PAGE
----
Fuego y Agua 2016 Race Recap: Part 2 A New Dawn


The Agua section of Fuego y Agua, the night section, the section where I would no longer be in the company of my running partner and husband whom had lots of navigational knowledge and back up head lamps, was, for me, the hardest challenge I’ve faced. I am incredibly humbled to have finished this race- an epic, grueling race and my first 100K ultra marathon. I am even more humbled to have won first place female. Below is my tale of enduring this second section of the race. 

After 12 hours and 33 miles of grueling technical climbs in the Nicaraguan heat…I reached the halfway point of the Fuego y Agua 100K, also the start line and finish line. I went straight to my bag, took off my shoes, dipped in the lake and changed. I re-packed my bag and got all of Andy’s stuff ready too. When he came in and discovered blood in his urine, we waited for a doctor to see what might be going on. As we waited I saw Anna and Markus leaving ahead of me. I felt competitive. Even more, I felt afraid of being left behind. If I left here without Andy, I would be alone.

Upon the doctor’s recommendation and good judgment, Andy stayed where he was. I kissed him goodbye and ran forward in a hurry. As soon as I left the beach, all of the excitement drained from my body and the happy music faded.

Just a few kilometers in, the chalk arrows turned right off the road and onto a trail I recognized from the morning. Fear and confusion and uncertainty grasped at me. In a fury, I sent a text to my sister, “send me all the maps you can find.”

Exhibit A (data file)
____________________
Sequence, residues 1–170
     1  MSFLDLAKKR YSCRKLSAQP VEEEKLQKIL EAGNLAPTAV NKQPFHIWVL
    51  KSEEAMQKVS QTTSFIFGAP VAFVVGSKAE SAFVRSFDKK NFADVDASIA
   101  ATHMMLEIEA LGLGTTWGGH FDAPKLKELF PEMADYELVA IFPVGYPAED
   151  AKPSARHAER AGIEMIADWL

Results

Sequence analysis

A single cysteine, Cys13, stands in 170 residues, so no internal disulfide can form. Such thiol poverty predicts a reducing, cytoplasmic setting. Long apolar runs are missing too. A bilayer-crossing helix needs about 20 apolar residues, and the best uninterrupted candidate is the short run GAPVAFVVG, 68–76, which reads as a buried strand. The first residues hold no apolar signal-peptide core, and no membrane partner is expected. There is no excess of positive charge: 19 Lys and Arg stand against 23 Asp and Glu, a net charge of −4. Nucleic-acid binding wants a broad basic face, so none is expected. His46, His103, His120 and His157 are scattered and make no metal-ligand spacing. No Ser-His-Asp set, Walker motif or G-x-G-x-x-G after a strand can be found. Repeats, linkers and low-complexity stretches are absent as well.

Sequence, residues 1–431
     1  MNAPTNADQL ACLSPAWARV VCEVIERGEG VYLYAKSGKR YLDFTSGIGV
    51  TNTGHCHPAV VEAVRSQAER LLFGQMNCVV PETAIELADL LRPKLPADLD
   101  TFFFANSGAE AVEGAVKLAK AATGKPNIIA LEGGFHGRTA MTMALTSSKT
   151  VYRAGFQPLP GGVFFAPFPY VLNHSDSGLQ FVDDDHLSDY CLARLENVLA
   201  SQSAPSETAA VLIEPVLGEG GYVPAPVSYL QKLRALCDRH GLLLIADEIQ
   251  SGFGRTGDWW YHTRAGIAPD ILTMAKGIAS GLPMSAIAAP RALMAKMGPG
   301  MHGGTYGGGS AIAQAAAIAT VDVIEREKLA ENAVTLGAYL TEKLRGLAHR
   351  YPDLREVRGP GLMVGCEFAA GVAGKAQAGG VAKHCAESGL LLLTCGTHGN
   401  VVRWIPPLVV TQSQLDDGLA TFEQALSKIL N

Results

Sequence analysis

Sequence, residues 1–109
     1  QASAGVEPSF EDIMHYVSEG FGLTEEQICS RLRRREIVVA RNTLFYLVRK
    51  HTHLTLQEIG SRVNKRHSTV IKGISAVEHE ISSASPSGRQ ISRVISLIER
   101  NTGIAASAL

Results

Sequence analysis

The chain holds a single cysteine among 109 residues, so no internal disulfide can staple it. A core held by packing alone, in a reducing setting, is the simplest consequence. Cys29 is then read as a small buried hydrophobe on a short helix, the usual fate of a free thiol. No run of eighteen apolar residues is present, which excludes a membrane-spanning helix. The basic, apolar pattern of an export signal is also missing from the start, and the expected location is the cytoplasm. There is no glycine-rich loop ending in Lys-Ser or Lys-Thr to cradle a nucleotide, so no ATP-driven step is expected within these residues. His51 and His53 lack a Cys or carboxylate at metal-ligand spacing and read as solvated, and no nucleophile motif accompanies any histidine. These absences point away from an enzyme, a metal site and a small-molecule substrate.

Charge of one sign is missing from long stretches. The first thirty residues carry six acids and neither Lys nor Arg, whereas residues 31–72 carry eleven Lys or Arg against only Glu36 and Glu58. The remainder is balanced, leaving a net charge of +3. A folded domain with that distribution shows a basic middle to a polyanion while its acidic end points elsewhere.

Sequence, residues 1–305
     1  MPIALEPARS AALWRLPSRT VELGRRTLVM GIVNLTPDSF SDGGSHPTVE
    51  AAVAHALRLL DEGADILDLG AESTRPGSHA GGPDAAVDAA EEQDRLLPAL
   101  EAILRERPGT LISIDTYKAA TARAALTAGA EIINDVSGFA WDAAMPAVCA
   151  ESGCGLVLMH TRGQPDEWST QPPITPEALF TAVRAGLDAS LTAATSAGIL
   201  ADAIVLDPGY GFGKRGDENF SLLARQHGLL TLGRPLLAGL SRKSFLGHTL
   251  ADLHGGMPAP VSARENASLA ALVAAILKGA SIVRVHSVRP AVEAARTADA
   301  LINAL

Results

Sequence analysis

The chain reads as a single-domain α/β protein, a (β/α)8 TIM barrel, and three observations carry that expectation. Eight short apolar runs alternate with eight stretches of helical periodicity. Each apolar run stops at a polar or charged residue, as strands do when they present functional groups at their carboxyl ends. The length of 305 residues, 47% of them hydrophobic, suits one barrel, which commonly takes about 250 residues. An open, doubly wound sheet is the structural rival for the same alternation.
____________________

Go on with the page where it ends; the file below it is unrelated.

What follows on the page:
Just then three dogs came rushing towards me, teeth baring and barking. I caught one by the eye and understood it would love nothing less than to bite me, so I threw my phone in the air and kicked it in the face.

My mind spun wildly off path during these first few kilometers of the second half, but I continued running straight to the town, which, when finally located on my maps, promised an aid station.

When I reached the town, a young woman ushered me up a trail to the aid station. Two quiet, calm young men encouraged me to keep going. They told me I was in first place. I told them they were wrong but they assured me that no other female had gone through. They told me, it’s a single trail and I wouldn’t get lost. So, I kept going.

They were, in my opinion, wrong about the latter.

The trail was a dark maze. Arrows went missing and all of a sudden one trail became three.